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October 2008

 
Outlook
Industry Money: Protecting Our Integrity?
By H. Dunbar Hoskins Jr., MD, Executive Vice President of the Academy
 
 

Over the past several years, the medical industry and physicians have come under fire. The charge is that industry “buys” the opinions and actions of physicians with their gifts and dollars in order to fatten their bottom lines and their shareholders’ pockets. Indeed, there have been many egregious activities, such as ghostwriting, undisclosed financial relationships, research that is inappropriate or that has been altered or belatedly reported, and unsupported claims of product efficacy. Clearly such behavior deserves shame and blame, but should we be considering other aspects as well?

What would happen if we eliminated all relations between industry and practicing clinicians? There would be no one to give practical advice to industry about clinical needs and no way for clinicians to learn about new developments. I believe we all realize that most of the advances in diagnosis and therapy of disease have occurred with the assistance of the medical industry. Without their commitment to innovation, we would still be treating pneumonia with compresses and examining internal organs with stethoscopes and percussion. Surely we don’t want that, so now we are talking about the boundaries governing a desirable relationship. That has created and will continue to create debate for years to come. Where should the line be drawn? Can it be drawn precisely for every situation? Can we codify the proper form of all industry-physician relationships? I suspect not.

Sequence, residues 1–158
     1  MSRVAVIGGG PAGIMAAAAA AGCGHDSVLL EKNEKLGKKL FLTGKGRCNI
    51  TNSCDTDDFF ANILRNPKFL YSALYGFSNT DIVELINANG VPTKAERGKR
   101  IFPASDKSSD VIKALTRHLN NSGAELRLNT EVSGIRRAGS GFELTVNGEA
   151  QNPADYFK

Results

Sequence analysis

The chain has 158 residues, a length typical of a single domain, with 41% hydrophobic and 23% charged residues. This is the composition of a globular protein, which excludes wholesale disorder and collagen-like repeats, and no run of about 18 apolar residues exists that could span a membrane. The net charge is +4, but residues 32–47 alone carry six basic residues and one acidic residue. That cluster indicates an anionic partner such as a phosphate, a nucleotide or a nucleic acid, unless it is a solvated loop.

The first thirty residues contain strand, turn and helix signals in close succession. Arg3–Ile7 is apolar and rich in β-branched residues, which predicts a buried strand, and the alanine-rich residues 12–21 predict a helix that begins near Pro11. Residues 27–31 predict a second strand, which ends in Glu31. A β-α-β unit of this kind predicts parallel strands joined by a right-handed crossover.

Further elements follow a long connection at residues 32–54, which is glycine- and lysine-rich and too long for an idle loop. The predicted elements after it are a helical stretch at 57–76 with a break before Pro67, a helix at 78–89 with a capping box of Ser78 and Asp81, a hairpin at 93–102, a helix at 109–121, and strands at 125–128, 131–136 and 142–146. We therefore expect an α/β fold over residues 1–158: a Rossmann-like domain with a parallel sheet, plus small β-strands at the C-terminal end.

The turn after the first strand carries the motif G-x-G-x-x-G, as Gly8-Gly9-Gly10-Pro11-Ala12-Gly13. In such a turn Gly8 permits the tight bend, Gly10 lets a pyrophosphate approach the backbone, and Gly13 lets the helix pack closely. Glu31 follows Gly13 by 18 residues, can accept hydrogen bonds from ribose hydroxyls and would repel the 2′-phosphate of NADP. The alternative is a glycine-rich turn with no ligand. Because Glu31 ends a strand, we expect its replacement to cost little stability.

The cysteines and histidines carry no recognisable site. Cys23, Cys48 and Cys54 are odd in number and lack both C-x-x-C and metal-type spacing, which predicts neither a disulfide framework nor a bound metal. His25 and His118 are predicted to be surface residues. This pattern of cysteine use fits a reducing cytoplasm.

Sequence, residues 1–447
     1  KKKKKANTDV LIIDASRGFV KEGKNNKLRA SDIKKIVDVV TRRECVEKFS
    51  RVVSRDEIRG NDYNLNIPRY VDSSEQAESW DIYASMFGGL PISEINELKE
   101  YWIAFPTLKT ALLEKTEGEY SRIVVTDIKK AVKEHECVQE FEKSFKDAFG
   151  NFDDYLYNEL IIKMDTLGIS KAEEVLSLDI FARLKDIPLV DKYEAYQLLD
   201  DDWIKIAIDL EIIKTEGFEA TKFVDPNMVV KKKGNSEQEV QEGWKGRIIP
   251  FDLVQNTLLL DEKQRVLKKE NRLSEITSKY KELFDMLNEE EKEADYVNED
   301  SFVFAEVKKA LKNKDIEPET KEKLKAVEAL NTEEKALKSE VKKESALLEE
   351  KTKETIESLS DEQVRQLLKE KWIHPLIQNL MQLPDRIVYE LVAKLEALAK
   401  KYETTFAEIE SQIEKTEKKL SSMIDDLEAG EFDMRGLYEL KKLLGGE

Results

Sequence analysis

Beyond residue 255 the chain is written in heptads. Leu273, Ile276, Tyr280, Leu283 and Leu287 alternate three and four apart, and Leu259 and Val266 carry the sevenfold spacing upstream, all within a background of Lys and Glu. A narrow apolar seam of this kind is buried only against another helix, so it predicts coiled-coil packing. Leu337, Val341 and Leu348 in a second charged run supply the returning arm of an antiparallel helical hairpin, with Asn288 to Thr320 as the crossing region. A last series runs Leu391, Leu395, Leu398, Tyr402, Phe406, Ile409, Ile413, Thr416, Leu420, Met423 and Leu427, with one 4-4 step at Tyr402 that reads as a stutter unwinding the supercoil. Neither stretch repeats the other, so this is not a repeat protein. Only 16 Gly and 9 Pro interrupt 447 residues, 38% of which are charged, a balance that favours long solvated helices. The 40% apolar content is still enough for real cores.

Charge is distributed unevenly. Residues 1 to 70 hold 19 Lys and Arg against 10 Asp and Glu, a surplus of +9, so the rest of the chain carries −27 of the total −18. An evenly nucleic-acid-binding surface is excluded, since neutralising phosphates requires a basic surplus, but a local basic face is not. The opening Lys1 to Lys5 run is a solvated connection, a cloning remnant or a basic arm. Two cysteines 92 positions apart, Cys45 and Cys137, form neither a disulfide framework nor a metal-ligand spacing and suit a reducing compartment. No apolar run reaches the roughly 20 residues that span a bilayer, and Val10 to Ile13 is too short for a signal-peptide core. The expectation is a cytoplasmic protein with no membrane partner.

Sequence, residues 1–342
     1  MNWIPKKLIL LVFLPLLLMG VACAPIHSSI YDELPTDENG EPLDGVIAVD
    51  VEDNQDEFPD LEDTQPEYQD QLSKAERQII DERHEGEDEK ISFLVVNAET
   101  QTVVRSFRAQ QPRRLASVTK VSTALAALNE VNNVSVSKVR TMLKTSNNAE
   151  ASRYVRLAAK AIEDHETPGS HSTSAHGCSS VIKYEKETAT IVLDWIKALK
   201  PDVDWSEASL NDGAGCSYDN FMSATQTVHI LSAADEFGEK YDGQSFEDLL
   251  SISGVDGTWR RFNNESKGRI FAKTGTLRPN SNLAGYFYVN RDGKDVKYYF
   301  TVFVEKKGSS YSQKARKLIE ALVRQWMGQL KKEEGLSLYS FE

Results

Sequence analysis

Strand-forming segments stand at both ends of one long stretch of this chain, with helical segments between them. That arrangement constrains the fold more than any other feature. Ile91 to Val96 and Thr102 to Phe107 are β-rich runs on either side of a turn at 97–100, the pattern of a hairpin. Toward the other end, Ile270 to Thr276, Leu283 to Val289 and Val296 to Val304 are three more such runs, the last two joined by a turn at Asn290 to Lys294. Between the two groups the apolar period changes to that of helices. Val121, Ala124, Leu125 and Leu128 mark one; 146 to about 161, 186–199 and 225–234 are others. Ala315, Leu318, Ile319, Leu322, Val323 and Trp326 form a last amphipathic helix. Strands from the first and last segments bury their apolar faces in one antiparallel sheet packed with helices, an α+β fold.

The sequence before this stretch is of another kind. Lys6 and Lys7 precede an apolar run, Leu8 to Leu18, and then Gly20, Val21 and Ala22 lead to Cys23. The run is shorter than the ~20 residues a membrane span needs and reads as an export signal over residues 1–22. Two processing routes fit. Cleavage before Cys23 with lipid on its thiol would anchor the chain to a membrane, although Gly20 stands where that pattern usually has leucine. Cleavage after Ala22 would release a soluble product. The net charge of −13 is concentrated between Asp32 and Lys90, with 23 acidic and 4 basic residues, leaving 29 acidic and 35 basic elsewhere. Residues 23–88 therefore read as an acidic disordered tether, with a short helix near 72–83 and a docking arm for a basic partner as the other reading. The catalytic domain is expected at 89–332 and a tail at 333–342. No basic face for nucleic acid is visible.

Ultimately, in my view, we will have to depend on integrity. There is an interesting discussion of integrity at Wikipedia en.wikipedia.org/wiki/Integrity that is useful to review. There it is defined as “the basing of one’s actions on an internally consistent framework of principles.” Honesty is mentioned frequently.

Integrity is a bit like pornography; we know it when we see it. But unlike pornography, impaired integrity can be disguised more easily and, of course, that is the danger and the reason that some rules are necessary. But ultimately, we recognize integrity because it is practiced over time. As a result, the practitioner of integrity becomes trusted. Trust is hard to gain and easy to lose, but having integrity and living with it provides a shield that protects trust.

How does integrity relate to physician-industry relationships, which are perceived by some as undermining the trust that is the mainstay of the doctor-patient relationship? They argue that any financial relationship is, per se, a conflict of interest and a potential source of bias. That would suggest that they feel such a relationship cannot be handled with integrity. Can the physician who is a consultant to industry not treat his patients fairly and honestly? Is an unrestricted grant to a medical school or society automatically tainted? Is every teacher who investigates a new drug automatically dishonest? Can no one be trusted to do their best to deliver education with integrity?

We know that medical advances can’t happen without effective interaction between physicians and industry, and we know that money will change hands in the process. Thus the current debate about commercial bias is important. And hopefully it will lead to a renewed belief in and understanding of integrity.

As we continue the debate, I hope we will do so in a cooperative spirit—with integrity—and recognize that dollars alone do not destroy it.

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